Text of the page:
Choose a simple algorithm and a standard description of it, such as linear search in a sorted array. Rewrite the algorithm in prosecode. Repeat the exercise with a more interesting algorithm, such as heapsort. Now choose an algorithm with an asymptotic cost analysis. Rewrite the algorithm as literate code, incorporating the important elements of the analysis into the algorithm’s description.

**Linear Search as Prosecode**

LinearSearch(*x,l*) searches for the position of the item *x* in a ordered list *l*. For this purpose, every item *i* in the list is compared with* x*. If an item equals x, its position is returned. Otherwise the algorithm returns an invalid position, when the end of the list is reached.

1. (Initialize) Set the starting position *p <– 0*.

2. (Search) For each position *p* in *l*:

(a) If *i* at position* p* equals the searched element *x*, return *p* and stop the search.

(b) Otherwise continue with the next position.

3. (Return) If *x* was not found in the list, return an invalid position Ω.

**Heapsort as Prosecode**

HeapSort(*l*) sorts the elements in a list *l*.

At first, the list is turned into a max heap. A max-heap is basically a complete binary tree with the additional property that each child node are smaller or equal to their parent nodes. This means that the largest value is always at the root node of the binary tree.

A sorted array is created by repeatedly removing the value from the root of the heap and inserting it into the array. After the removal of the root, the heap needs to be updated.

1. (Initialize) Turn the list *l* into a max-heap.

2. (Sort) The largest value of the heap is copied to a sorted array. Afterwards, the heap has to be updated so that the next largest value becomes the next root. This is repeated until the heap is empty

(a) Take the root* r* and add it to the array *a*

(b) Update the remaining heap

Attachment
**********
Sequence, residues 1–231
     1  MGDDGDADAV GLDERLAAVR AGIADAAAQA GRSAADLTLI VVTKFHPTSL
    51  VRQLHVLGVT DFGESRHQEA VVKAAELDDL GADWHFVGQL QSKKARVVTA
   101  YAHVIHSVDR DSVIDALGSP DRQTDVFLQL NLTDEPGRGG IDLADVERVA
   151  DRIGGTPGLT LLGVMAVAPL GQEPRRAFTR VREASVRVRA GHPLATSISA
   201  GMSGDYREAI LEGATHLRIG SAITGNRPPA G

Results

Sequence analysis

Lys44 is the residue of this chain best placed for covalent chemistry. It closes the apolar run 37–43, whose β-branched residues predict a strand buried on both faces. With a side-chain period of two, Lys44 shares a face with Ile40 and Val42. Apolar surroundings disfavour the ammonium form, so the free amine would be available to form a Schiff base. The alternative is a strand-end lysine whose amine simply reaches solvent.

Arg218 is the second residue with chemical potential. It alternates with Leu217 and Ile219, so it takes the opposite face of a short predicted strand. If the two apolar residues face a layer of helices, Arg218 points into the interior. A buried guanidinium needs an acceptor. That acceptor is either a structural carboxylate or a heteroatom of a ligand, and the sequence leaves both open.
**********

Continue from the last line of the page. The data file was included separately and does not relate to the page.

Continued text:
3. (Return) If the heap is empty, return *a*.

**BogoSort as Literate Code**

BogoSort(*l*) sorts the elements of a list* l*.

The major steps of the algorithm are as follows:

1. Generate a permutation of the items of the list.

2. Check if the elements in the permutation are ordered.

3. Return the list or repeat.

We now examine these steps in detail.

1. Generate a permutation of the items of the list.

Basically, we want to shuffle the order of the items in the list at random.

This step is really important as it allows us to reach a performance of *O(n)* in the best case scenario. The best case scenario means that the first permutation we chose was the right one.

2. Check if the elements in the permutation are ordered.

Each item *i* in the list *l* is compared to the next item *n*. If *i* is smaller than *n* in all cases, the list is sorted.

3. Return the list or repeat.

If the second step yields a positive result, the sorted list *l* is returned. Otherwise, we start again at the first step.

Cost analysis

As mentioned above, this algorithm has a great best case performance of *O(n)*. However, the average case performance is not as good, because the algorithm is often repeated many times. Therefore, its average case performance is *O((n+1)!)*. The worst case, however, means that no solution can be found. Of course, this should only be the case if bad random number generators are used.

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Nearly forgot about this homework.